1.2 The appellant could reasonably have expected that during the oral proceedings the board would consider the objections and issues raised in the communication annexed to the summons to oral proceedings, (cf. point V. above). In deciding not to attend the oral proceedings, the appellant effectively chose not to avail of the opportunity to present its observations and counter-arguments orally but instead to rely on its written case, (cf. Article 15(3) RPBA).
1.3 It is further noted that the appellant did not submit any substantive written response to the issues raised by the board in its communication. Therefore, the appellant's written case corresponds to that presented in the statement setting out the grounds of appeal.
1.4 In view of the foregoing, the board concludes that the appellant had an opportunity to present comments on the grounds and evidence on which the board's decision, arrived at during oral proceedings, is based. The right to be heard under Article 113(1) EPC has thus been satisfied despite the appellant's non-attendance at the oral proceedings.
2. Preliminary observations
2.1 The appellant has, inter alia, disputed the interpretation applied to the term "service" in the decision under appeal, (cf. statement of grounds, § 3., p.3 et seq.). The examining division took the view that the terms "resources" and "services" were indistinguishable and interpreted them as referring to the same concept, (cf. impugned decision, § 3.3, p.6).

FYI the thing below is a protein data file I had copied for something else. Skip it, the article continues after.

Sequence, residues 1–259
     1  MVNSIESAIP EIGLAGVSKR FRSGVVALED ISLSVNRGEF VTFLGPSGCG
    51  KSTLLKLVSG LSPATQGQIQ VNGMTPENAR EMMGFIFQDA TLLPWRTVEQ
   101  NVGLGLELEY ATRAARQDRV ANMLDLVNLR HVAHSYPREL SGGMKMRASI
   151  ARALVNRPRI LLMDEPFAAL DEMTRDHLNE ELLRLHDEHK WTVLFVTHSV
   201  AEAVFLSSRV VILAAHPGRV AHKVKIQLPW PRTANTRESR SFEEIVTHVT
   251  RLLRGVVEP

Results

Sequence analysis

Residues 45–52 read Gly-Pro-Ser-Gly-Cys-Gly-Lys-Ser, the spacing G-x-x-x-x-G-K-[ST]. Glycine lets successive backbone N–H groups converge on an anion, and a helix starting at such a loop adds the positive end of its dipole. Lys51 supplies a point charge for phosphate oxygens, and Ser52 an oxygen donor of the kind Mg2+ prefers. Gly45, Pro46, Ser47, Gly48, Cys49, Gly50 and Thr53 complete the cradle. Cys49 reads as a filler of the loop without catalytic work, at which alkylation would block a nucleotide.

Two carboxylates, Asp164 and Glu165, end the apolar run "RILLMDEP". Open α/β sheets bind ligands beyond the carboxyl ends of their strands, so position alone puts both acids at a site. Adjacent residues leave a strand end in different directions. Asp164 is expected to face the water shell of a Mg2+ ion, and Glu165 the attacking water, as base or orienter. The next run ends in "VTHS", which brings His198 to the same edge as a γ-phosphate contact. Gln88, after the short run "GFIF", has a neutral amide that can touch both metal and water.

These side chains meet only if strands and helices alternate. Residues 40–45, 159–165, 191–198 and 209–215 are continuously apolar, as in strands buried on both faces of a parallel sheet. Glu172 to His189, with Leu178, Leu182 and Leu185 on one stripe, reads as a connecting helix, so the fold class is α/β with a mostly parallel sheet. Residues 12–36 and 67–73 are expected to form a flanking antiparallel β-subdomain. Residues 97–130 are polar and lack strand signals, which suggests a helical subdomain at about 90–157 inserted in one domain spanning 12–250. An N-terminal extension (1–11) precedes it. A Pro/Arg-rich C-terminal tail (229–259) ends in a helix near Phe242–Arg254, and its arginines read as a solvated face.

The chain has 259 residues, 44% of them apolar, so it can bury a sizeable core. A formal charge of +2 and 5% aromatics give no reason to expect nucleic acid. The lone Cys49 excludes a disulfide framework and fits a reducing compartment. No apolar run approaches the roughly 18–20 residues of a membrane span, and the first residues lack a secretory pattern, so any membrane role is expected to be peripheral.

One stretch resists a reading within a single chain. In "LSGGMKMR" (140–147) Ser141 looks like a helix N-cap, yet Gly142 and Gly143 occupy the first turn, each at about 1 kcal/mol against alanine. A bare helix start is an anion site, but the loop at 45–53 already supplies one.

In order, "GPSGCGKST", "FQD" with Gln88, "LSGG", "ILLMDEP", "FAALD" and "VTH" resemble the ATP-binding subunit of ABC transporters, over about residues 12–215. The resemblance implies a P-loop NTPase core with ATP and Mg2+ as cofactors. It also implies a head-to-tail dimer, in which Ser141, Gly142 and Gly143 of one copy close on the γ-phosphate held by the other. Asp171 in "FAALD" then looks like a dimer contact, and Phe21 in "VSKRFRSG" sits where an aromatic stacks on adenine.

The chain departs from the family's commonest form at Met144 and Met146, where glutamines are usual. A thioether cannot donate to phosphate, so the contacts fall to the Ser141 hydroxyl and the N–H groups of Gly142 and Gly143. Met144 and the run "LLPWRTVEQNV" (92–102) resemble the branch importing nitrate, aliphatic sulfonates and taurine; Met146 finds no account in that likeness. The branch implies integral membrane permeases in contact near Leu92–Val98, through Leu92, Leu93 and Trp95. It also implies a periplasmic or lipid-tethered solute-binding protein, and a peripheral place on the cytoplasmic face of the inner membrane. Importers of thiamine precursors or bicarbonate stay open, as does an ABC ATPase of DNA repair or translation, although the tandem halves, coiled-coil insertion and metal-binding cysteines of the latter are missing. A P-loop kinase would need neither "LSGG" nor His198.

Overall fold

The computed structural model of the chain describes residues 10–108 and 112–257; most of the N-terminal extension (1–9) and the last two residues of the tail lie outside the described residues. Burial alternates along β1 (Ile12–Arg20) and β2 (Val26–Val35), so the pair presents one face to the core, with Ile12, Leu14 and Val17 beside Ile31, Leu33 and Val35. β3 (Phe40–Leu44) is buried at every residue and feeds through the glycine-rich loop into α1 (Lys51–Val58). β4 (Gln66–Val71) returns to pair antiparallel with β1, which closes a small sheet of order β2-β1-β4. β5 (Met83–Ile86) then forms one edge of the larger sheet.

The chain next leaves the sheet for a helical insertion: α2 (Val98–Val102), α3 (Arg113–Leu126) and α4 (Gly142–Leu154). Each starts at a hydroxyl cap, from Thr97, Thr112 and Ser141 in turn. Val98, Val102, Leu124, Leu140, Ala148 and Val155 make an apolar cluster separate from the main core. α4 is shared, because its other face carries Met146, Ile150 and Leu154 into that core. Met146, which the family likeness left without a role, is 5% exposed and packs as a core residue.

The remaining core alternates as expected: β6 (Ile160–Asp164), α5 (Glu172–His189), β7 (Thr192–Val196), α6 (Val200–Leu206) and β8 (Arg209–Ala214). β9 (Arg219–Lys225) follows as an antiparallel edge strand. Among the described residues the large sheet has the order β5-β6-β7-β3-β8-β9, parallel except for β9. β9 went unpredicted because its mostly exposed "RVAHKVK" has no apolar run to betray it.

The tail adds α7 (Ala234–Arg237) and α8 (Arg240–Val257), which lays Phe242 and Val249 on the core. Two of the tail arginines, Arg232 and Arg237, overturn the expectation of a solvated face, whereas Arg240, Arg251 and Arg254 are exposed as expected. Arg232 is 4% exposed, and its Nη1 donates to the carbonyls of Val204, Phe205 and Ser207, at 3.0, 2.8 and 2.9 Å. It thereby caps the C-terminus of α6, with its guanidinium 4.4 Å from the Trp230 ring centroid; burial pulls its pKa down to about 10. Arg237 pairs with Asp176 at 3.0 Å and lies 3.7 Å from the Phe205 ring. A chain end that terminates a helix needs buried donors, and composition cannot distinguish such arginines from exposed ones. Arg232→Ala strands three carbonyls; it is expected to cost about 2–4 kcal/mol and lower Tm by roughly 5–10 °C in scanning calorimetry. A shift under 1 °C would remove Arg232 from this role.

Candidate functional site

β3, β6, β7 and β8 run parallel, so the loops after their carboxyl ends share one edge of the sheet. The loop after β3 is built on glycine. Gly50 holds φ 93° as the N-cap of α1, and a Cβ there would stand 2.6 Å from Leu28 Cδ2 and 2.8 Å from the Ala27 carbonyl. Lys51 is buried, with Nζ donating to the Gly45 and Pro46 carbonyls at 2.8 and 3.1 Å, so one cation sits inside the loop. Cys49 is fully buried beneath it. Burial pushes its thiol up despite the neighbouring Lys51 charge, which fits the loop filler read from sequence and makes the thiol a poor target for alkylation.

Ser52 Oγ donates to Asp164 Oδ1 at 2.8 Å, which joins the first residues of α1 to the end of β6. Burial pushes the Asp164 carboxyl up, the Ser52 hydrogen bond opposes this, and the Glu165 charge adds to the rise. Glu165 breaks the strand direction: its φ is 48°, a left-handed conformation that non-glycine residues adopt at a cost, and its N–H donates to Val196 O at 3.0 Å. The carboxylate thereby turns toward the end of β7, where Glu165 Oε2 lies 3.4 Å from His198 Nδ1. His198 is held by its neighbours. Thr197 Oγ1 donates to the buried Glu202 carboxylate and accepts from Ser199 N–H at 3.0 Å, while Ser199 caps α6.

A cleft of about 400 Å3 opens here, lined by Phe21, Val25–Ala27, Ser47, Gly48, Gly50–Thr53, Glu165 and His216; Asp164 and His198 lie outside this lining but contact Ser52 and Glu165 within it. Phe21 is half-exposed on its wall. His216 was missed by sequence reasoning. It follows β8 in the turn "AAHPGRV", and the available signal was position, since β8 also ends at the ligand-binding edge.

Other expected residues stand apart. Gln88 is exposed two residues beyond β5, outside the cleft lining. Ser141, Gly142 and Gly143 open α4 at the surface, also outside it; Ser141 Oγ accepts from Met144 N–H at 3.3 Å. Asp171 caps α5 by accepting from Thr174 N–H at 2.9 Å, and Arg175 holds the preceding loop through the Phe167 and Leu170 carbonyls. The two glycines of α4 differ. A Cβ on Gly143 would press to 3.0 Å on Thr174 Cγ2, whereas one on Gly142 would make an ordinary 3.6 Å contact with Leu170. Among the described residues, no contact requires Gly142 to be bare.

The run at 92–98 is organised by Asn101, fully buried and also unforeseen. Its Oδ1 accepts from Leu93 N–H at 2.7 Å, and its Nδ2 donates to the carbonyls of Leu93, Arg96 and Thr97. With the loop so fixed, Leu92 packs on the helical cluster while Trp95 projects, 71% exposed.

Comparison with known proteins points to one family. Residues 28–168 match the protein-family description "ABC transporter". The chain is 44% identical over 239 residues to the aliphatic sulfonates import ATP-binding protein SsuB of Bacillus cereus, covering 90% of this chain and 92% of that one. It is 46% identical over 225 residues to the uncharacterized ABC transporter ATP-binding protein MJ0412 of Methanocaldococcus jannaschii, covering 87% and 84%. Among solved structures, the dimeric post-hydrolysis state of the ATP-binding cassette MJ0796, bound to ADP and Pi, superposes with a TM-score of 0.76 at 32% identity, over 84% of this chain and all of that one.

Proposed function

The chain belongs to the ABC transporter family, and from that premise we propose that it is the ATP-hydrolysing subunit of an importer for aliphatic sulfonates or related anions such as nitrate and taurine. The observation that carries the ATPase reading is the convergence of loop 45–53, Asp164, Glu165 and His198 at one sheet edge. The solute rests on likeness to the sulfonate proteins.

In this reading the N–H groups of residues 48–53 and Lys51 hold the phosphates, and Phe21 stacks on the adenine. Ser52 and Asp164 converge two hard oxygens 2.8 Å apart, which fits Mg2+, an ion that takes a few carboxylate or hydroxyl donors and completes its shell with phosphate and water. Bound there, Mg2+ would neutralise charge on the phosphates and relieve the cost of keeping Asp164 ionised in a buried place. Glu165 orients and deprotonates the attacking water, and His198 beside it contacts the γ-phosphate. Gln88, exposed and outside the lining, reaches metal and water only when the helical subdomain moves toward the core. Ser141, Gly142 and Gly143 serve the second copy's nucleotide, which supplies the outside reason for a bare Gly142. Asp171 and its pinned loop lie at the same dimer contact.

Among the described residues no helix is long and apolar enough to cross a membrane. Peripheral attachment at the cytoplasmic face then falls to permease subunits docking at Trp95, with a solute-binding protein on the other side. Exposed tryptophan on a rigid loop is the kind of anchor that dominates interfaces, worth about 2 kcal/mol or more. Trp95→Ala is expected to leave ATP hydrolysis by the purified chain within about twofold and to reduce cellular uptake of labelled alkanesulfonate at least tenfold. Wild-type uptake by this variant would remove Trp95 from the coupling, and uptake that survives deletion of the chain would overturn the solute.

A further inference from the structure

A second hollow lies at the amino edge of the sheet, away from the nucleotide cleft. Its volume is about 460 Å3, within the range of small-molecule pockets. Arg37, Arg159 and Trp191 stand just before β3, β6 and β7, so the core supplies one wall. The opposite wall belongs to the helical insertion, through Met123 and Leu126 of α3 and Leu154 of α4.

2.2 The appellant submitted that the terms "ActiveX" and "DLLs" which are mentioned in the section relating to the background art on p.2 of the published application, are specific to the Microsoft Windows environment and argued, on this basis, the skilled person reading the application "should have clearly understood that the whole content of the application should be interpreted in conjunction with Microsoft Windows environment", (cf. statement of grounds, § 3.1). The appellant further submitted that a skilled reader should have immediately noticed that the term "services" as used in the context of the present application was intended to denote the "system services" of Microsoft Windows operating system environments, (cf. statement of grounds, § 3.1, p.4 l.1-15).
2.3 The board notes that the acronym "DLL" denotes a "dynamic link library" or "dynamically linked library". Although DLLs are indeed used in various operating systems provided by Microsoft this does not necessarily imply that the term is platform-specific. According to the board's understanding, DLLs can and have been used in other environments, e.g. the OS/2 operating system and various UNIX environments which support dynamic linking.
The board further notes that although the term "ActiveX" refers to an approach promoted by Microsoft for developing network executables in binary form, it does not imply an association with a specific operating system.
Likewise, the Java language referred to on p.1-2 of the application is intended to provide platform-independent network executables and does not imply an association with a specific operating system.
It is further noted that the application as filed makes no identifiable reference to any specific operating system.